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Denver Water’s Lead Reduction Program Plan submitted to EPA

A public comment period on the plan to improve public health and protect the environment is open until Oct. 10.
Denver Water crews remove lead service lines found during the course of their construction and maintenance work. Photo credit: Denver Water.


Do you live in a metro area home built in 1951 or earlier? If so, your pipe that connects your home to Denver’s water system may be made of lead.

Denver Water has submitted a plan to remove these lead service pipes at no charge to the customer.

The proposal also aims to protect families who are at risk of lead getting into their water from their lead service pipe, plumbing or faucets.

On Sept. 6, Denver Water submitted its Lead Reduction Program Plan to the Environmental Protection Agency and will be taking public comment on that plan until Oct. 10.

All comments will be provided to the EPA and the Colorado Department of Public Health and Environment. A decision on the proposal is expected by the end of the year.

The plan, if approved, would build on Denver Water’s decades of work addressing lead in the community and is being offered as an alternative to the state’s mandate that orthophosphate, a food additive, be added to the utility’s drinking water in March 2020.

Denver Water’s proposal and the mandate from state health officials both have the same goal: reducing the risk of lead in the tap water in homes in the utility’s service area that have lead plumbing and service lines.

“Denver Water’s proposal is a holistic approach that we believe is most protective of future generations and is in the best interest of public health and the environment,” said Denver Water CEO/Manager Jim Lochhead.

“By tackling the issue at its source, our plan will eliminate lead service lines — the most significant source of lead in tap water — within 15 years and have fewer impacts to rivers, streams and reservoirs.”

To access an executive summary of the plan and the comment form, click here.

An old lead service pipe discovered and replaced during a Denver Water project. Photo credit: Denver Water.

The water Denver Water delivers to customers’ homes and businesses is lead-free. But lead can get into the water as it moves through lead-containing household plumbing and service lines that are owned by the customer and are not part of Denver Water’s system.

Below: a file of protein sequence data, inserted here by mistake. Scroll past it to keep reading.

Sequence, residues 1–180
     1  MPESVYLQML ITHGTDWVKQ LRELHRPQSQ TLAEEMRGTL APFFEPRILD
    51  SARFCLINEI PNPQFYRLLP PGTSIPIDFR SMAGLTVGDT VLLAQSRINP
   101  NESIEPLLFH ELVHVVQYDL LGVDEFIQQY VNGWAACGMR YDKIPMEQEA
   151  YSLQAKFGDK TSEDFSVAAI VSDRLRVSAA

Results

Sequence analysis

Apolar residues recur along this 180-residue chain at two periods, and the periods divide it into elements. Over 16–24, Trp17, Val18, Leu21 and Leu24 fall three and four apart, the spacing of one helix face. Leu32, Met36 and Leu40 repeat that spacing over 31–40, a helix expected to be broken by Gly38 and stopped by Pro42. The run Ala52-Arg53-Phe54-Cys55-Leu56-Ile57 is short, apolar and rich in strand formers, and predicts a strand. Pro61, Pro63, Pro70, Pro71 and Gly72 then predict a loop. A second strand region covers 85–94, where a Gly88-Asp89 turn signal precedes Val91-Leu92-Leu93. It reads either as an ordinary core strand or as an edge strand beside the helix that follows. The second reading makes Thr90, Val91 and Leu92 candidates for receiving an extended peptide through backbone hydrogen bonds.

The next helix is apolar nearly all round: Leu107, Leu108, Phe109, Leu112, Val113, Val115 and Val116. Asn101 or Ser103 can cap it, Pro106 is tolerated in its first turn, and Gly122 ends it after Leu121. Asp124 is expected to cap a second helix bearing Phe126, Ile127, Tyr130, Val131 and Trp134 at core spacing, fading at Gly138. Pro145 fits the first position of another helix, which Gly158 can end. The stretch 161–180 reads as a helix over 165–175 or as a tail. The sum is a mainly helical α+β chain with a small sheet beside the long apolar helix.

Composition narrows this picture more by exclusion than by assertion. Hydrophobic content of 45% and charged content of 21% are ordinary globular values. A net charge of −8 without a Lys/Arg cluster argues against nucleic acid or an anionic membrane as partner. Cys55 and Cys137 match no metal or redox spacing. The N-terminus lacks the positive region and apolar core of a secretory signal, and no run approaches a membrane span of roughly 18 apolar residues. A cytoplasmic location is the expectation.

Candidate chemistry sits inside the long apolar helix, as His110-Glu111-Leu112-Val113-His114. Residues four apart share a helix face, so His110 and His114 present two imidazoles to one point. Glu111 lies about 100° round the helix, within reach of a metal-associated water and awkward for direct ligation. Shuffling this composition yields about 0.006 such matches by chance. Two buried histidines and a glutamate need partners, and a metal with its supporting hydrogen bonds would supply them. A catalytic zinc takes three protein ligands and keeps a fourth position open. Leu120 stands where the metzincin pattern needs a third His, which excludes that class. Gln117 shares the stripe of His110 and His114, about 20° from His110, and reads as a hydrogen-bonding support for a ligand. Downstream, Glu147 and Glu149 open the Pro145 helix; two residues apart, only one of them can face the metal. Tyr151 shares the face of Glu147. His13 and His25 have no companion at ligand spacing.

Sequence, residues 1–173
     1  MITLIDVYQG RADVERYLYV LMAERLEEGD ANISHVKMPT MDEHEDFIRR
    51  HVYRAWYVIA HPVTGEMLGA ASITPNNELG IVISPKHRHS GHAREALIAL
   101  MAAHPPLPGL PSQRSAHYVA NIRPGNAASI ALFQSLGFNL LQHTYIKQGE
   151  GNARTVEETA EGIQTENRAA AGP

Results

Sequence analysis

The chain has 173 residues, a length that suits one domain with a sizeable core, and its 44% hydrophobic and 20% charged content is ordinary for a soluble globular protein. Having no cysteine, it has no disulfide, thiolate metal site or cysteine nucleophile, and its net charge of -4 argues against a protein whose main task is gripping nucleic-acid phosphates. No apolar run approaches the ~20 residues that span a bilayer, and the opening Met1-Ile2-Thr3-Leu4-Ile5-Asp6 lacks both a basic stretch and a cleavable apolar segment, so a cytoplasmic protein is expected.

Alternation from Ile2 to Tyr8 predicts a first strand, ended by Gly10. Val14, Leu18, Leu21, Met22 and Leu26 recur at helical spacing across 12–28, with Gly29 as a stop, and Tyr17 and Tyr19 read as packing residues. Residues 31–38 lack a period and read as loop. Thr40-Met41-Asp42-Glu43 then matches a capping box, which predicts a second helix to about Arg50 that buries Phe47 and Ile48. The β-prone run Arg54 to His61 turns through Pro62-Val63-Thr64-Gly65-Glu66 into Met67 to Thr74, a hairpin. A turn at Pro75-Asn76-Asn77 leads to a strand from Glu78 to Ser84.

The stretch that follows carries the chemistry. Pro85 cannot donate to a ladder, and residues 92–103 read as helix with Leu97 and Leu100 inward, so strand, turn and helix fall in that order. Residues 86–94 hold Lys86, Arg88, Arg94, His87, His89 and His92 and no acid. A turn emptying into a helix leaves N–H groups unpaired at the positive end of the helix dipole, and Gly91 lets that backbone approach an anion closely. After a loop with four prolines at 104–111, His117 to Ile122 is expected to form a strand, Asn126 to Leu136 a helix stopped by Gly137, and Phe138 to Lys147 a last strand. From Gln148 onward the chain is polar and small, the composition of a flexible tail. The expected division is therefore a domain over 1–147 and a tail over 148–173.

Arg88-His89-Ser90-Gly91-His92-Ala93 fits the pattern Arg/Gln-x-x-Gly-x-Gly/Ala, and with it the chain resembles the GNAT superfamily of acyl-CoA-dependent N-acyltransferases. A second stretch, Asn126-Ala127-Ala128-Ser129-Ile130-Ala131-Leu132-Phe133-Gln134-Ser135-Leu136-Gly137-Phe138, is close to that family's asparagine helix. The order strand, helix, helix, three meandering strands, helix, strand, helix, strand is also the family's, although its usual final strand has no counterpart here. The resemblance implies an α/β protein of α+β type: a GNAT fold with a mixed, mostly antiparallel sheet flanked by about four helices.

The proposed program includes:

  • Replacing all customer lead service lines, at no charge to the customer, to remove the most significant source of potential lead entering drinking water.
  • Increasing the pH level of the drinking water to help prevent corrosion from homes with lead fixtures and pipes with lead solder.
  • Providing at-home water filters, free of charge, to all Denver Water customers suspected of having a lead service line until the line is replaced by Denver Water.

Public comments submitted earlier this year on the proposal were nearly all positive, with 98% of the commenters indicating that they supported the plan.

How much the program, if approved, will cost is still under review. But estimates indicate the financial impact of adding orthophosphate could be larger for the region than Denver Water’s proposal.

For comparison, the regional cost impacts related to adding orthophosphate to drinking water is estimated to be between $480 million and $714 million. Denver Water estimates its proposal could cost between $304 million and $556 million.

In addition to the financial differences, experts at the utility say there are other drawbacks to Denver Water using orthophosphate. Adding the nutrient into the larger water supply can, under the right conditions, set off a chain of problematic events, such as accelerating the growth of algae in area lakes, reservoirs and ponds.

The proposal follows nearly 30 years of water quality monitoring conducted by Denver Water, per the federal regulation known as the Lead and Copper Rule, at homes with known lead service lines and plumbing. The testing was to ensure existing adjustments to the corrosivity of the water were working to minimize the risk of lead getting into the water in homes with lead service lines and plumbing.

Lead service lines, like the ones pictured here, were initially installed by builders and are owned by customers. Photo credit: Denver Water.

Only once, in 2012, did test results from the homes indicate action needed to be taken to ensure corrosion levels remained in check. Since then, test results have been in compliance with federal standards as the utility has worked with state and federal regulators to determine what additional steps needed to be taken.

The state’s mandate to add orthophosphate to Denver Water’s drinking water, and the utility’s alternative proposal, are a result of years of work and study involving the utility, state and federal health officials and regional stakeholders.

Denver Water also has a map of estimated customer-owned lead service lines as a starting point to help customers identify the likelihood of their home having a lead service line. Customers are encouraged to verify the accuracy of the information represented by this map for their residence by requesting a free water quality test from Denver Water.